In defence of going for the natural remedy

The word Naturopath often brings every hippie and every pharmacist out of the woodwork and into a controversial argument

By Miranda Victoria

While some claim natural medical remedies can be powerful enough to treat cancer, others say it is nothing more than modern-day voodoo.

In Alberta, a provincial court ruled the latter.

Couple David Stephan, 32, and Collet Stephan, 36, were charged with failing to provide the necessaries of life after their 19-month-old son died of bacterial meningitis. They thought their son had the flu, and attempted to treat him with natural items such as garlic and onions, combined with an immune-boosting remedy from a naturopathic doctor.

That decision could send the couple to prison for five years, if they receive the maximum sentence.

While I agree with the courts that Mother Nature’s bounty should not be used to cure any serious illness, I do think that everyone should have a naturopath on speed-dial for other non-life threatening ailments.

These special types of doctors are trained differently, they think differently and they have a different set of tools and resources to turn to than a traditional doctor. Why wouldn’t you want to get a second opinion from someone like that?

In my own person health, I have blended the use of my family doctor with a naturopath and have seen incredible results.

Even after spending thousands of dollars on doctor visits and supplements — which neither my medical plan, nor my tax return will cover (thanks) — what I’ve learned about my own body and what I need to do to feel at my best is invaluable.

It began when I was about 14 years old. A pimple appeared on my back, followed by another pimple and another, until finally, I had an entire colony of skin invaders.

My family doctor sent me to a dermatologist, who prescribed all kinds of topical creams to apply once at night, and once in the morning — most of which did nothing more than bleach my pyjamas.

And while one particular cream did clear up the acne considerably for a number of years, those annoying pimples never quite went away. And then, when I turned 23, it took a massive turn for the worse.

I was breaking out more than I ever had in my life.That awkward phase is supposed to happen in high school; who gets acne in their 20s?

My dermatologist said the only option left was to use Accutane.

Now, my acne was bad, but it wasn’t Accutane bad. The medication has dozens of listed side effects, including birth defects and depression, and is usually only used in extreme cases.

Frankly, I was terrified to put that into my body. If it causes a baby to be born with no arms, what on earth would that do to my organs?

That’s when my mom suggested I try a naturopath. She had great success with hers, after they discovered she had major thyroid issues — something other medical practitioners told her she was making up.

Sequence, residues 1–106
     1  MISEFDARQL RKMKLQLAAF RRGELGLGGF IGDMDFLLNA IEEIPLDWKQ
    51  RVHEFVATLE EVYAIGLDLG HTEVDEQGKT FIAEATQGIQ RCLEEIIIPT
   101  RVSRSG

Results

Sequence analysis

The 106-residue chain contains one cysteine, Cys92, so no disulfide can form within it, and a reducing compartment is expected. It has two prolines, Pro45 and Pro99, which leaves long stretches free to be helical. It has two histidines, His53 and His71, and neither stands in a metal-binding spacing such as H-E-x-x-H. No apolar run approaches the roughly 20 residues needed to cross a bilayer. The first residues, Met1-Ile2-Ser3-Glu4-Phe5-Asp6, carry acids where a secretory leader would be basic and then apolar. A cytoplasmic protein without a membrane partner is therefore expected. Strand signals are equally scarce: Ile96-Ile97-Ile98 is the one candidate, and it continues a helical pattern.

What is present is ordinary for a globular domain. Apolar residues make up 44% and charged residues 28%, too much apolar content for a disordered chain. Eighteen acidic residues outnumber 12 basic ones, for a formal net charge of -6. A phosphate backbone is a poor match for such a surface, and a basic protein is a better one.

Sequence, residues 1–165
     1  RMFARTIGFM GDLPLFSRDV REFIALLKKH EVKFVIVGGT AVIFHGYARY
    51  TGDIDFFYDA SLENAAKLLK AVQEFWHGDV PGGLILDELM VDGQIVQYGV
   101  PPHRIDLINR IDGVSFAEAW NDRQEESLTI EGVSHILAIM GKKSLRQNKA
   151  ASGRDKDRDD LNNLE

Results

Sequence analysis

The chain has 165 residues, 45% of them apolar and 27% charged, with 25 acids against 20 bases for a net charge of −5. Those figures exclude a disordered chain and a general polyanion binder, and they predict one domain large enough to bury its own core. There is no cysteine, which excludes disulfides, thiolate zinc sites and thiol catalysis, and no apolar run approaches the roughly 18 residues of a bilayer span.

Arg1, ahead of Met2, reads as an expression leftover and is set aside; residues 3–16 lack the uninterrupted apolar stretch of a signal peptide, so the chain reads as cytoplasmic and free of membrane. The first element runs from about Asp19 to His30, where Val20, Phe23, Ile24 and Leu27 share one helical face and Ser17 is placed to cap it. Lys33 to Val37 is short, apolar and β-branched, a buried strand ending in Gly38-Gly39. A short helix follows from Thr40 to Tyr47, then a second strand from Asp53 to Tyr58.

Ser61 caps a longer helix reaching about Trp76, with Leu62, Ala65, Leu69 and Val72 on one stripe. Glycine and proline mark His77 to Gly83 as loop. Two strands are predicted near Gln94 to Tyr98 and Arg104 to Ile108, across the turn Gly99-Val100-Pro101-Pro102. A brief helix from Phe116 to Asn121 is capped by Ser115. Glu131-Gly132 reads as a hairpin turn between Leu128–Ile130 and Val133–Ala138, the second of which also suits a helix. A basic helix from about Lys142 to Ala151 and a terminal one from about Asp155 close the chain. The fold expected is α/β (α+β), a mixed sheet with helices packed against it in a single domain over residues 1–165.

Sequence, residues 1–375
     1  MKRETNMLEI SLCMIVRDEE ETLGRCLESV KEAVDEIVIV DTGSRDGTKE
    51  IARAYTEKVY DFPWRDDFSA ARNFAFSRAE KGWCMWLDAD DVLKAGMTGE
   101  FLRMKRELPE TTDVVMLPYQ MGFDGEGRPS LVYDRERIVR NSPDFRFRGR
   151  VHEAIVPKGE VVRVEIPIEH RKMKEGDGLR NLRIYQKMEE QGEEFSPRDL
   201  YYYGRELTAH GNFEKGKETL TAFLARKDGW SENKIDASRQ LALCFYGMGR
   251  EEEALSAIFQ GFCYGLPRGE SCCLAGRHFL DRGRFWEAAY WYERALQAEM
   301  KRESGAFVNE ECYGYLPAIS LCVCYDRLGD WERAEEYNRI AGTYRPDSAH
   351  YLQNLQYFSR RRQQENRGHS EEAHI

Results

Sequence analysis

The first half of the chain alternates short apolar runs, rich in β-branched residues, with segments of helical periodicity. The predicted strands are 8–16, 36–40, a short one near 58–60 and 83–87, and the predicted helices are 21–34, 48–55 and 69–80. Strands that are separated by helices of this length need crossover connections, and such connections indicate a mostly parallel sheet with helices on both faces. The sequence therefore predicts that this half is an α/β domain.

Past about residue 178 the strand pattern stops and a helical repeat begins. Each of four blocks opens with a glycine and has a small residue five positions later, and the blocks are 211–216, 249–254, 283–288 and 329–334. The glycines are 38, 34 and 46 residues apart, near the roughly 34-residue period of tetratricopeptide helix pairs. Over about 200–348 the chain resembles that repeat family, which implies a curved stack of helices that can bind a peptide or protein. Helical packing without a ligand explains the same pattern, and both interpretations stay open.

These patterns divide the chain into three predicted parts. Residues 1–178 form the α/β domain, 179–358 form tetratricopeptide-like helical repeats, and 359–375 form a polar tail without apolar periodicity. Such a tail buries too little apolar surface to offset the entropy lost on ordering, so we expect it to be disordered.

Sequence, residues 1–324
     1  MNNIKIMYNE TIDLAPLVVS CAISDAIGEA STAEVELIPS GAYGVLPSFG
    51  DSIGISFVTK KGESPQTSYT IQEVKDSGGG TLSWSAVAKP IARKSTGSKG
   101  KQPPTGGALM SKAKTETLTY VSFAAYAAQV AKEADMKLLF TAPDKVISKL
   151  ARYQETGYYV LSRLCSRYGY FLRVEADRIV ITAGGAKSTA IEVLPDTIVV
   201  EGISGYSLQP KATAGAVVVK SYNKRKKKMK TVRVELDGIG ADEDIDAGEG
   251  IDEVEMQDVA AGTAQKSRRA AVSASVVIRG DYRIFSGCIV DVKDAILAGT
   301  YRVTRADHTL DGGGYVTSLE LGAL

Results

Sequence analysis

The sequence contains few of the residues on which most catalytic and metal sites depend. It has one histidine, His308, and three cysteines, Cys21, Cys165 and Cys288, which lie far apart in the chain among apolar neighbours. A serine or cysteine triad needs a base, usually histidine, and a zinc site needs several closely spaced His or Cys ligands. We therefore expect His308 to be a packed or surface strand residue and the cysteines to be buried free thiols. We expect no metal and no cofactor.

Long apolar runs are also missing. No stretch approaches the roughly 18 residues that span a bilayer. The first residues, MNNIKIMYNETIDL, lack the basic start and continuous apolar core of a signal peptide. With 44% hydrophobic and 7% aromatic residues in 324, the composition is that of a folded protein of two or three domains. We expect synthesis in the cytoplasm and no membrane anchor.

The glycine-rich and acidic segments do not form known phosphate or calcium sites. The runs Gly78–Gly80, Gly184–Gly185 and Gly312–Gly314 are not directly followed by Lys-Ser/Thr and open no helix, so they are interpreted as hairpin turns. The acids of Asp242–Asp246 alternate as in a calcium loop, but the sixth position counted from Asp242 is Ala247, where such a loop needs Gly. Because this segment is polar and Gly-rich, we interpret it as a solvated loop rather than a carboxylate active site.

So I made the appointment, forked up the $100 for half an hour of the doctor’s time, and discovered some pretty amazing things.

First of all, your skin is the largest organ of your body. If it is breaking out with acne, or rashes, or any other kind of ailment, it’s usually a signal that something else if off inside your body.

We started out with a food test, as oftentimes, food allergies are a trigger for skin problems. Through that I found out that all those protein shakes I drank everyday — the ones with 21 grams of whey — were not helping my body at all. Milk proteins casein and whey, it turns out, were the top allergies found in my test.

As our appointments continued and my naturopath probed a little further, I also told her about my period problems — or lack of period problems, as I never seem to get them on time — and the constant feeling of exhaustion I have.

That led me to take a hormone test, and voila, my hormones are completely out of whack, most likely causing me to miss periods and have a lack of energy. But rather than stop there, we decided to explore why my hormones were off-kilter in the first place. An ultrasound revealed I have cysts on my ovaries, and the onset of polycystic ovarian syndrome.

Now, had I just taken Accutane, I would have never known any of these issues in my body. I am so thankful I took the time (and all that money I didn’t have) to explore why my body was acting in peculiar ways, rather than taking different pills to treat the symptoms.

While I still have acne even now — and I’m almost 25 years old — it has decreased significantly, and I am working with my family doctor ( in conjunction with the naturopath) to see what other treatments are available.

As for my flakey period, I have been taking a natural herb remedy to help balance my hormones, and I am happy to say I have now had three periods in a row and they all came like clockwork — something I don’t think I’ve ever had in my life.

So while I’m still not convinced that plants pills are Gospel, I do think there is great value in exploring all medical options.